Civil suit filed in 2016 UTV death
NEWFANE — The mother of a woman who was killed in a UTV crash in Westminster in 2016 has filed a civil suit against the driver of the UTV and a number of other people.
According to documents filed with Windham Superior Court, Civil Division, Rebecca Kemp, of Putney, is seeking in excess of $3 million in the death of her daughter, Angelique Frost, who was 23 at the time of her death.
Frost was a passenger on a side-by-side utility vehicle being driven by Andrew Ielpi, now 26, on May 22, 2016, when the vehicle hit a culvert on a privately owned road in Westminster. Frost was thrown from the vehicle and died of her injuries.
Ielpi was arraigned in Windham Superior Court, Criminal Division, on Feb. 1, 2017, and pleaded not guilty of one count of operating a motor vehicle in a grossly negligent manner. His case is scheduled to go to trial in September.
In addition to Ielpi, Kemp's attorneys, Costello Valente and Gentry of Brattleboro, have filed suit against his mother, Yesenia Major, and his step-father, David Major, and the owners of Milky Way Road — Mark Steinhardt, Barbara Sherrod and Robert Capote. According to the court documents, Capote was the owner of the utility vehicle.
"Andrew drove the UTV in a negligent manner and under the influence of marijuana over a defect in the surface of Milky Way Road," states the civil suit. "The defect created an unreasonable risk of harm ... [which] was or should have been obvious to defendants ..."
After the crash, states the criminal affidavit filed by the Vermont State Police, Ielpi told investigators that Frost urged him to drive "to go get some air" over the culvert, which Ielpi described as "... tall, it goes up like a ramp."
Following the crash, Ielpi told investigators he attempted to give Frost CPR before running to his car and calling his mother. He then drove his car to the crash scene, and loaded Frost into his vehicle. Halfway down the road, states the affidavit, Ielpi met his mother, who drove Ielpi and Frost to the Urgent Care Center in Bellows Falls. Because the Urgent Care Center was closed, they then took Frost to the Bellows Falls Police Department, where she was declared dead.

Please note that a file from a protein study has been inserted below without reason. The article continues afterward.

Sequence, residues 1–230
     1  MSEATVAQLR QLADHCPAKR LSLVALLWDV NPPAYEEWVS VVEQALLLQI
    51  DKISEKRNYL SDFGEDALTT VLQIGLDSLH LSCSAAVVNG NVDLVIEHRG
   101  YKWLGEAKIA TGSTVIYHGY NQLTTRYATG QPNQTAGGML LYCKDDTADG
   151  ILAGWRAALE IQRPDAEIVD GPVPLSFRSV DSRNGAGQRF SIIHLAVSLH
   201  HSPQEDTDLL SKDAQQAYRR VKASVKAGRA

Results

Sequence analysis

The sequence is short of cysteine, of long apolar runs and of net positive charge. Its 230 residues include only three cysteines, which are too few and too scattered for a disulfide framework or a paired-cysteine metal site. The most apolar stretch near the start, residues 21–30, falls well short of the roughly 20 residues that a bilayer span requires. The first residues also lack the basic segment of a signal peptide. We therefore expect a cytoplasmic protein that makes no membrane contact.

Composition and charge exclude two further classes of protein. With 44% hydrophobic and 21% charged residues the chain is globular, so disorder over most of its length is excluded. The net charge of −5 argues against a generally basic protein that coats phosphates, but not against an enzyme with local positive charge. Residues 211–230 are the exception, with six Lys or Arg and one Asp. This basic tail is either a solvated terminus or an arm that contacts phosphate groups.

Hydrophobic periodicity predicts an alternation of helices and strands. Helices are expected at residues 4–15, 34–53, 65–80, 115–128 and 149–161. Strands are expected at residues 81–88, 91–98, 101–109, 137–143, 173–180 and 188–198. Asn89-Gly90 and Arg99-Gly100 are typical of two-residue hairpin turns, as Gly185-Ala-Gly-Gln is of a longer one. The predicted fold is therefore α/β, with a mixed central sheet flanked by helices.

"Andrew, along with David and Yesenia, failed to call for assistance in a timely fashion, and instead negligently attempted to render care, and moved Angelique into a personal vehicle, which exacerbated her serious injuries, prevented her from receiving timely emergency treatment, and increased the risk that Angelique would die from her injuries," states the civil suit. "Instead of calling 911 or summoning emergency medical assistance ...[they] drove Angelique to an urgent care facility in Bellows Falls, rather than a hospital with an emergency room."
These actions by Ielpi, his mother and his step-father "resulted in her prolonged suffering and increased likelihood that she would die from her injuries."
Capote, Steinhardt and Sherrod are named in the civil suit because they "had a duty to exercise due care in the maintenance and upkeep of Milky Way Road ... [and] had a duty to protect invitees on their property from the defect on Milky Way Road."
According to the civil suit, Capote, who owned the UTV, had an additional responsibility because he "knew or should have known that Andrew was an incompetent driver."
The civil suit was filed on May 21 and has been served on all the defendants, according to court documents. However, Capote is the only one who has responded within the 30 days mandated by law. In his response, Capote maintained the UTV was driven with his knowledge and permission. He also denied that he owned the property where the crash happened.
Costello Valente and Gentry have filed motions seeking writs of attachment against the defendants. A writ of attachment may be granted by a court to used to freeze the assets of a defendant while a legal action is pending. A hearing to discuss the writs is scheduled for July 2.
In addition, Kemp's attorneys are seeking a writ of attachment for an unidentified trust fund in Ielpi's name.
Ielpi's biological father, Jonathan Ielpi, was 29 and a New York City firefighter who died when the South Tower of the World Trade Center collapsed following the attacks of Sept. 11, 2001.
The September 11th Victim Compensation Fund distributed awards to 2,880 of the 2,963 death claims filed. The average award was $2,082,128 and went as high as $7.1 million.
Bob Audette can be contacted at 802-254-2311, ext. 151, or email@example.com.
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